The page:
fbpx

Stress, Cortisol, and COVID

What puts some people at a higher risk of severe COVID infection than others?

It’s the million-dollar question that we don’t fully understand yet. 

A new study published in the Lancet found that higher levels of the stress hormone cortisol were a marker of more severe illness from COVID-19. 

That does NOT mean stress causes COVID!!!!

Before jumping to conclusions too quickly, let’s be clear about what this study showed. Patients were tested for cortisol levels when they were admitted to one of 3 large teaching hospitals in London with suspected COVID-19. 

That means they were already sick when they were tested (more on this in a minute). 

But here was the shocking result…

Patients who had cortisol levels lower than 744 when they arrived at the hospital survived a median of 36 days, but those with cortisol higher than 744 survived a median of only 15 days.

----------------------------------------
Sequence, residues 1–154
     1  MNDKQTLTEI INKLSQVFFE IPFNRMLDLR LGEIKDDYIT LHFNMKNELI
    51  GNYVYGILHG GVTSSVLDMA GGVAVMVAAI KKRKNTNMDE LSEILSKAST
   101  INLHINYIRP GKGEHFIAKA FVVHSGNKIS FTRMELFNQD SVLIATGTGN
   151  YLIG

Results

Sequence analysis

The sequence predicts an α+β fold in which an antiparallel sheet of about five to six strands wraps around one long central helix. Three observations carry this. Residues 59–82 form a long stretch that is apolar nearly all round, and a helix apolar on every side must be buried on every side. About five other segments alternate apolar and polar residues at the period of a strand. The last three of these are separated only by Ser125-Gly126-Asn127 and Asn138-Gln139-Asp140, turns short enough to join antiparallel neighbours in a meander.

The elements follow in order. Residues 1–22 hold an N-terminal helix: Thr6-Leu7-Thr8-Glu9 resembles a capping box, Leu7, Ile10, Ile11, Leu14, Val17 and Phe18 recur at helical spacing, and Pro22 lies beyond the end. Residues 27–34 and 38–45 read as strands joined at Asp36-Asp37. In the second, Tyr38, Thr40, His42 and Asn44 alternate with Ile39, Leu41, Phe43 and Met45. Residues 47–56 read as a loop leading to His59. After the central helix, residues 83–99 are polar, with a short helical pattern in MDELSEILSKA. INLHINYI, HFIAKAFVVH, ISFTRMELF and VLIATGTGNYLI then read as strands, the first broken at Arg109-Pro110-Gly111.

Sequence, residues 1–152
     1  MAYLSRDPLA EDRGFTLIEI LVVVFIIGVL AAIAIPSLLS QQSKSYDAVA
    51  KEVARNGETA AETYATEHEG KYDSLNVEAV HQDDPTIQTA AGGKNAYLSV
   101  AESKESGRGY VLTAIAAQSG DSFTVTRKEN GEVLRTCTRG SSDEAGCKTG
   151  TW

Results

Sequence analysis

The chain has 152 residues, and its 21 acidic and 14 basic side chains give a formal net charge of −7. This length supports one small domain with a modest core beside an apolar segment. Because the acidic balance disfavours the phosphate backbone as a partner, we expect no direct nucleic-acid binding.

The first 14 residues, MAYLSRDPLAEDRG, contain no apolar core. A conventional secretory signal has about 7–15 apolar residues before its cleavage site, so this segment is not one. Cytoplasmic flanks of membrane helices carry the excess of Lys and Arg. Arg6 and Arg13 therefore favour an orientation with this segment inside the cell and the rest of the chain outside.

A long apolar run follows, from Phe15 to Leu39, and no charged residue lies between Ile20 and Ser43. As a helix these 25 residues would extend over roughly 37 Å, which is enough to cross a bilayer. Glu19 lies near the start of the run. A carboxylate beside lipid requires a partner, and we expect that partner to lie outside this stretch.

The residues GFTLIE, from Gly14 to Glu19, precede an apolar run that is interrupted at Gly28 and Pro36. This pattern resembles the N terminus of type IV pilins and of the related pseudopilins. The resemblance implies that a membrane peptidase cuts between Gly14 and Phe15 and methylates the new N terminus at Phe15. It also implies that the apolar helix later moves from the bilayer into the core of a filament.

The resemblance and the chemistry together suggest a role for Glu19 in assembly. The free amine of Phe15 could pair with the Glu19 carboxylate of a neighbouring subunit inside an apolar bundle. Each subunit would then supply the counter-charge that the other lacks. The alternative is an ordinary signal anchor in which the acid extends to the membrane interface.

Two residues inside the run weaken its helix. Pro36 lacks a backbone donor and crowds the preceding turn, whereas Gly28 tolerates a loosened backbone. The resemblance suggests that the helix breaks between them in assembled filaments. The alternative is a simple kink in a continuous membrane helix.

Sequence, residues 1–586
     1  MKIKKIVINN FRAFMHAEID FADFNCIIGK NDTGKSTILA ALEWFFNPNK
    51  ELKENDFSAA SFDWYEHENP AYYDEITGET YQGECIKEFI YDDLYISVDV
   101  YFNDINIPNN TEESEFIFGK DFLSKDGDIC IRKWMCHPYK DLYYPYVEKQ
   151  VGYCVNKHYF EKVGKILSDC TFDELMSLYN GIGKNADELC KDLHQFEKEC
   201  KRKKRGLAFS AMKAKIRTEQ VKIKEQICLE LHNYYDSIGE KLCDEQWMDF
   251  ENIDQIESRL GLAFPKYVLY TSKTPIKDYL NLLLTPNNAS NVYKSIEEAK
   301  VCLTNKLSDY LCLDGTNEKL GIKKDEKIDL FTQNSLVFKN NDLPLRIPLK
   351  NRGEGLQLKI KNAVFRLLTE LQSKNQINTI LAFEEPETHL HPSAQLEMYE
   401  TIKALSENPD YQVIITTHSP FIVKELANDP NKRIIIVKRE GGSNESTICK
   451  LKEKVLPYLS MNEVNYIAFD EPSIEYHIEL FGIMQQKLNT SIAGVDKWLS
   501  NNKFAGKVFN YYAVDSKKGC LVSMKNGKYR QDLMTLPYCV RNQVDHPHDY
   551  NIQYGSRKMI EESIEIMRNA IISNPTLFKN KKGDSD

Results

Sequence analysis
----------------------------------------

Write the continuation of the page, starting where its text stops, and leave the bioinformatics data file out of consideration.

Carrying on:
To give you a point of reference, cortisol levels in healthy people hover around 100-200 during the day. 

So, the study found:

👉 Patients with COVID had increased cortisol levels

👉 Patients with the highest cortisol levels had more severe illness

Here are some things you should know:

👉 Cortisol is the hormone our bodies release in response to stress

👉 We release cortisol in response to emotional stress but also physical stress

👉 It’s normal for cortisol to spike during an acute illness

👉 The APPROPRIATE release of cortisol (every day and when we get sick) is what keeps us alive, healthy, and energetic

👉 The INAPPROPRIATE release of cortisol (too much or too little) is cause for concern

Nobody can predict how YOUR body might respond if you were to contract COVID-19.

But it never hurts to be proactive—today—to strengthen your body’s resilience to stress. Get outside to exercise. Follow routines. Sleep well. Eat well. Enjoy the company of others. 

These are stressful times. Do yourself a favor and find ways to de-stress.

Reference
Tan T, Khoo B, Mills EG et al. Association between high serum total cortisol concentrations and mortality from COVID-19. Lancet Diabetes Endocrinol. 2020; 8: 659-660. https://www.ncbi.nlm.nih.gov/pmc/articles/PMC7302794/

Leave a Comment

Your email address will not be published. Required fields are marked *